Parades, flags, ceremonies — a wonderful homecoming no doubt. On August 2, 1960 thousands gathered to celebrate Pat Nixon Day in the state of Nevada — most prominently, Pat Nixon.
RN happened to be in the middle of a presidential campaign when this festival was held. With Pat by his side, he told Pat’s story to those gathered:
Let me tell you the story of Pat. She moved to California at an early age with her father and her mother, and her mother died when she was 12 and she helped take care of her family of three brothers and her father after that. And her father died when she was 17, and she worked her way completely through college and university so the credit goes to her for that; she had no help whatever and I want to pay that tribute to her.
The crowd went wild. He went on:
When we campaigned for the House and the Senate, Pat was the one who never wore out. I’d get tired in the evenings, but she was still as bright and as charming at the end of the day as she was at the beginning.
He spoke about her trips as America’s Ambassador of Goodwill to over 45 countries during the eight Vice Presidential years:
When we took our trips around the world, you’ve heard about what I did, I’m sure – read about it – but Pat visited hospitals and children’s homes and orphanages, a leper colony in Panama, the first lady ever to go there and greet the inmates, things of this sort around the world, and may I say that whatever I may have said and done, I’m sure that she left behind a feeling of good will and affection for America that I could never have created by anything that I said.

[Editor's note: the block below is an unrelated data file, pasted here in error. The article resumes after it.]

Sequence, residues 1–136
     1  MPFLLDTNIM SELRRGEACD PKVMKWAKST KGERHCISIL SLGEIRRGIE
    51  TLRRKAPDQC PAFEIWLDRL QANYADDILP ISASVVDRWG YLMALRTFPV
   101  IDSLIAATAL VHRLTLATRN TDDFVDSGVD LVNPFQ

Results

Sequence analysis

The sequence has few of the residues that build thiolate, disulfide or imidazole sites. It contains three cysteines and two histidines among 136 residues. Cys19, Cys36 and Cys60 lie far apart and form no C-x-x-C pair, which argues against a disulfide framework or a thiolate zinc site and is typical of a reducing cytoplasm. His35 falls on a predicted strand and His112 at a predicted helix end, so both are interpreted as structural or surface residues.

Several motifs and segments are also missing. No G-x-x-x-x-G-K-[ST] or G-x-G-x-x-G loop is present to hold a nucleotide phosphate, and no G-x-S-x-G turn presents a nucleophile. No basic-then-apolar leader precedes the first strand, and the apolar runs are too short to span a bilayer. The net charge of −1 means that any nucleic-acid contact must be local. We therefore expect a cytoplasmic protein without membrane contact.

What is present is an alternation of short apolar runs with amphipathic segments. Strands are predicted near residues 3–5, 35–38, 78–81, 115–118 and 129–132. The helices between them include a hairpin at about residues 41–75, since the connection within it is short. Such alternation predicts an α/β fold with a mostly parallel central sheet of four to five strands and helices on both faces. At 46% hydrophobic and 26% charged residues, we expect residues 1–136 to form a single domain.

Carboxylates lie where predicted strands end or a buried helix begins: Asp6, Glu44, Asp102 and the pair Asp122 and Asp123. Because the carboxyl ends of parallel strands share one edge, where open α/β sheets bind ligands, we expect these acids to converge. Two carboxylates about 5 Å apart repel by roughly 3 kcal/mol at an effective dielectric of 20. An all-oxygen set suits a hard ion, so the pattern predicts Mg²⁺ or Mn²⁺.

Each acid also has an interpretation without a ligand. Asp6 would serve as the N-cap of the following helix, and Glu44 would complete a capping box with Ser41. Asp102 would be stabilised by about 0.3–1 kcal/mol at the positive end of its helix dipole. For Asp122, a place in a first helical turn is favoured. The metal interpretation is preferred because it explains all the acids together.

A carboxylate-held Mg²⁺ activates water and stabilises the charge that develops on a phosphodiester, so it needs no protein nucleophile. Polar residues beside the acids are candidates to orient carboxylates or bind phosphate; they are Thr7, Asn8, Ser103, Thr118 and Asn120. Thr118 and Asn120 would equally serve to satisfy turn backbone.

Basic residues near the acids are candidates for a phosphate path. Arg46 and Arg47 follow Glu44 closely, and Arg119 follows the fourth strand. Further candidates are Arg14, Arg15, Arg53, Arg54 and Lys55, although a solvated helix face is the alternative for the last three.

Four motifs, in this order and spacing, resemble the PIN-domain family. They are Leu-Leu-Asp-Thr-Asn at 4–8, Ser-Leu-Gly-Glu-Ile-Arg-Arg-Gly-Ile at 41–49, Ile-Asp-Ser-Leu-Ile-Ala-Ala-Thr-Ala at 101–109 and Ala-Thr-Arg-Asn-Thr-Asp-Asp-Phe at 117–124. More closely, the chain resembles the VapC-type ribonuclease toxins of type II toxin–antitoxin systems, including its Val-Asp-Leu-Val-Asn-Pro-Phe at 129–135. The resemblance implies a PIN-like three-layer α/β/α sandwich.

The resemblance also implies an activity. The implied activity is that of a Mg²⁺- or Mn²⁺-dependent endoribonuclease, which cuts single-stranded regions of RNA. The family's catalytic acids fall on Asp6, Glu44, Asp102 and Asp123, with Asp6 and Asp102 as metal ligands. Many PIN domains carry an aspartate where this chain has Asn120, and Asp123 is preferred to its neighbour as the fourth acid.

And then, of course, a lot of you people have heard about our visit to the Soviet Union and, as you know, and I’ll have to admit, Mr. Khrushchev didn’t seem to think much of me but he liked Pat, that’s for sure!
Noting how appreciative he was that “Pat [is] always by my side,” he relayed what a Nebraska farmer had recently informed him: “Young fellow, my wife’s going to vote for you, but I’m going to vote for Pat.”
With the Guest of Honor seated beside him, he looked at her and wrapped it up by saying:
Whatever may happen in November, [she] is my first lady.
Though she and her family moved to California not long into her childhood, Pat Nixon remains the only First Lady to have been born in Nevada. Her portrait hands in the State Capitol Building.
Nevada State Archivist Guy Rocha said that Nevadans have always considered Pat Nixon “one of us.” For that reason, perhaps, there have been two Pat Nixon Days: August 2, 1960 and March 16, 2012 — the 100th anniversary of Mrs. Nixon’s birth, declared by Governor Brian Sandoval just three months ago.
Jimmy Byron is a Marketing and Communications Assistant. He is a second-year student at Chapman University.